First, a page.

Monday, 13 June 2011
24 hours in Lyon
A flying visit, to see Wagner at the Opéra, which turned out to be not so much the keenly-anticipated 'Fura dels Baus Tristan' as one which was the most satisfyingly sung, acted and played across the board of any I've encountered live. Arrived Friday noonish, headed over the Saone and settled on the first good-looking place for lunch I could find - which turned out to be the Restaurant Un Saint-Jean hiver at No. 14 Rue de Lanerie, partly because the building has one of the finest sculptured Gothic facades in the old town
and partly because the lunch menu promised Lyonnais specialities straight from the market. And excellent the first two courses proved - a salad of foie de volaille followed by andouillette (not to all tastes, but I'm a bit of an offal man). Dessert not so good, or maybe the wrong choice, three minis fatta in casa with coffee. Food theme continued with a whizz around Vieux Lyon trying to take streets I hadn't walked before - hence along the appropriately statued Rue du Boeuf
with another old carved shop 'sign'
up to the heights, this time skirting the Roman ruins and finding an odd little park in a zone populated by that unattractive species, the French schoolkid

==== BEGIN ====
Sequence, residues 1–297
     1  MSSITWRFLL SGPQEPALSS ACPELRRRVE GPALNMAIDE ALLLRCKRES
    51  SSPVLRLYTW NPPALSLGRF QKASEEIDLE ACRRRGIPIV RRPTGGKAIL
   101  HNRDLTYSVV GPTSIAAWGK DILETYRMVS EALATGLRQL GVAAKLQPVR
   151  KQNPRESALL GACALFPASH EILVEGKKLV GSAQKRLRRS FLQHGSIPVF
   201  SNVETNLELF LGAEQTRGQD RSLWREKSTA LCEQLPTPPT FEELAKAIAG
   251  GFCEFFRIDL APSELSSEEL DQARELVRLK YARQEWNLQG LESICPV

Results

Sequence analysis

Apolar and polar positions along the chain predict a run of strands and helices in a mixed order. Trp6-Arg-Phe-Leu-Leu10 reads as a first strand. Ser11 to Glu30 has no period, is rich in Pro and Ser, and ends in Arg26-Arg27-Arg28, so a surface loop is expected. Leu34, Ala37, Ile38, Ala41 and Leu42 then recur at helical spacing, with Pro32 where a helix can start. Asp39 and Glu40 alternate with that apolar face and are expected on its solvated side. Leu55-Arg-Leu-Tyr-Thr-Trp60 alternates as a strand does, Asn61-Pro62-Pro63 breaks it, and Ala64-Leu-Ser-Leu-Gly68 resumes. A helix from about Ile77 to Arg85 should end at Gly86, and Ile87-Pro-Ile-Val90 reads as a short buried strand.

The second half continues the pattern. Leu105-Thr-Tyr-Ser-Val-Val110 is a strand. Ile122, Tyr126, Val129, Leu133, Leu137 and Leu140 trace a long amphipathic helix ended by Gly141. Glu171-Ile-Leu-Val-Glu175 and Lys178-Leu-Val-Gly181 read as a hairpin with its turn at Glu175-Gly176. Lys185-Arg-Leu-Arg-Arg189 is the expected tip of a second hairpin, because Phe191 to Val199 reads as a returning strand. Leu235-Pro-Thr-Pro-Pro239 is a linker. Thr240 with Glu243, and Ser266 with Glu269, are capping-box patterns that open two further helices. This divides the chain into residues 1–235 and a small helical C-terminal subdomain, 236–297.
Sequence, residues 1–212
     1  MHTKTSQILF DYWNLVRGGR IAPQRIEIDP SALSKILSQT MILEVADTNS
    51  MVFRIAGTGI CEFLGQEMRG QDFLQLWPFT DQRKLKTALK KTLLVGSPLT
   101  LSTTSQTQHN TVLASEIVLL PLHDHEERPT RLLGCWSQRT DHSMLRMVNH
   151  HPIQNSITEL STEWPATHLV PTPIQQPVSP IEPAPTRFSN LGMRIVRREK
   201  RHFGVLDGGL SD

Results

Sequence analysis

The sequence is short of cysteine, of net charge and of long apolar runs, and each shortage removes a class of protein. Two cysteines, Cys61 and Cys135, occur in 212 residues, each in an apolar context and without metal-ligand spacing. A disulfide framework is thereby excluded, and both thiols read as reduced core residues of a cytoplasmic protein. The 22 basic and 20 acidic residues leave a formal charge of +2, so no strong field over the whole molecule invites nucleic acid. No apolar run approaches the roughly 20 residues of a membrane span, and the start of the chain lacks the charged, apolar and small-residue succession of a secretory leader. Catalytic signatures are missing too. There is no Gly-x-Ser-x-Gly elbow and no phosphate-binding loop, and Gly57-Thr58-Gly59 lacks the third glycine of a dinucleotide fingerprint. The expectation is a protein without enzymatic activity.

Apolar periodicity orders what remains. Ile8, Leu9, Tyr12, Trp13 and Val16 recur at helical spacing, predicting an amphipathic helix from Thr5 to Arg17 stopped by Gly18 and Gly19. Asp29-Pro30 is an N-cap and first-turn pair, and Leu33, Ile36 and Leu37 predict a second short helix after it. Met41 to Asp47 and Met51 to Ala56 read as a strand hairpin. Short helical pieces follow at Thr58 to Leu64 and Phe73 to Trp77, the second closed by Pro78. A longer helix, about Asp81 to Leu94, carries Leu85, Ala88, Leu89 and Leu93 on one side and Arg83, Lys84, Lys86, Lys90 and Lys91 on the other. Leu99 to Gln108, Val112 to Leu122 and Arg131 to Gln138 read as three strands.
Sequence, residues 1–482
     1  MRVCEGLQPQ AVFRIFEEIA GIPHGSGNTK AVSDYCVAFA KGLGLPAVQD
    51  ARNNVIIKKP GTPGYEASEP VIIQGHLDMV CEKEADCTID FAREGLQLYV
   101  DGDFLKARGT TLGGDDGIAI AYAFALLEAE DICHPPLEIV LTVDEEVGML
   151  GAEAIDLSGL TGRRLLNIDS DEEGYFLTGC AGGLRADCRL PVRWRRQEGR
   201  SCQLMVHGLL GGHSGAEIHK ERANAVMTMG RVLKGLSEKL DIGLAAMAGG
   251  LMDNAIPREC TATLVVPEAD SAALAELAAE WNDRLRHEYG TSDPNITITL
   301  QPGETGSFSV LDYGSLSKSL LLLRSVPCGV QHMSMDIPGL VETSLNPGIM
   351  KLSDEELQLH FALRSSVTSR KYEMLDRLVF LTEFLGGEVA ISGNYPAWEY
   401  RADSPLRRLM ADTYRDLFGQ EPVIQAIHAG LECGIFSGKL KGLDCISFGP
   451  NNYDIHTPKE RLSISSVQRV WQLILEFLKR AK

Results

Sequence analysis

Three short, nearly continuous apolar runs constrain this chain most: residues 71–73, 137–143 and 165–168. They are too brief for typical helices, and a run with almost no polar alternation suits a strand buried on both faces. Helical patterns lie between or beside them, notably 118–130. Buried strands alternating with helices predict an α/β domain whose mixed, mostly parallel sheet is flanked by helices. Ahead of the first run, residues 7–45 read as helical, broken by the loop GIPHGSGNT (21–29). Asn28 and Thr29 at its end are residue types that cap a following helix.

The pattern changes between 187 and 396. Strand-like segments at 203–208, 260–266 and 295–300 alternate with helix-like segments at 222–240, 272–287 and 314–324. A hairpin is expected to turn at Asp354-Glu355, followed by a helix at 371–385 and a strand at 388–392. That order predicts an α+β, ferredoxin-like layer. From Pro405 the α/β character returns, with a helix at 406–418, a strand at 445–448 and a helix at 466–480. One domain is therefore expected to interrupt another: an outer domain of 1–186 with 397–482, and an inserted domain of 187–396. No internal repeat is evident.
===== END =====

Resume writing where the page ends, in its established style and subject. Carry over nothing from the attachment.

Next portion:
and back via the bourgeois shopping centre with its great doorways
and a splendid (though no doubt less so in the multiplex interior) Pathe cinema.
It might have been the grey, muggy and intermittently rainy afternoon, or my own overtaxed mood, but I found Lyon on a second visit rather tired and skanky. I asked my taxi driver about the Somerset House-style fountains in the Place des Terraux which had so sparkled on a winter visit, and he told me they'd been broken for a long time and no-one had as yet attempted to fix them.
Anyway, a journey inside the belly of the black, shiny whale Jean Nouvel has made of the 1830 Opera House is always a striking, if rather claustrophobic experience. It suited the dream-world of La Fura dels Baus's Tristan vision rather well (production photo by Bertrand Stofleth showing the marvellous Ann Petersen recumbent)
And, happily transported by the first act - the second less so - I enjoyed standing at the long, light bar of the preserved 1886 foyer
as well as looking down on it from above.
One other plus: I've never had a quieter night in a hotel than in Room 407 of the Hotel des Terraux, built on the site of a graveyard which my ancestor Huguenots ransacked: a bit dark, since the only window looks on to the courtyard, but not a sound did I hear from midnight to 8am. Thus returned a little refreshed, after so many early rises and late nights, for the wedding on Saturday. Oh, and I do recommend splashing out on a trip to see an opera in Lyon: in this instance you would have heard a Tristan you'd have been happy to encounter anywhere in the world, Bayreuth included, at a ticket price of anything from 5 to 95 euros.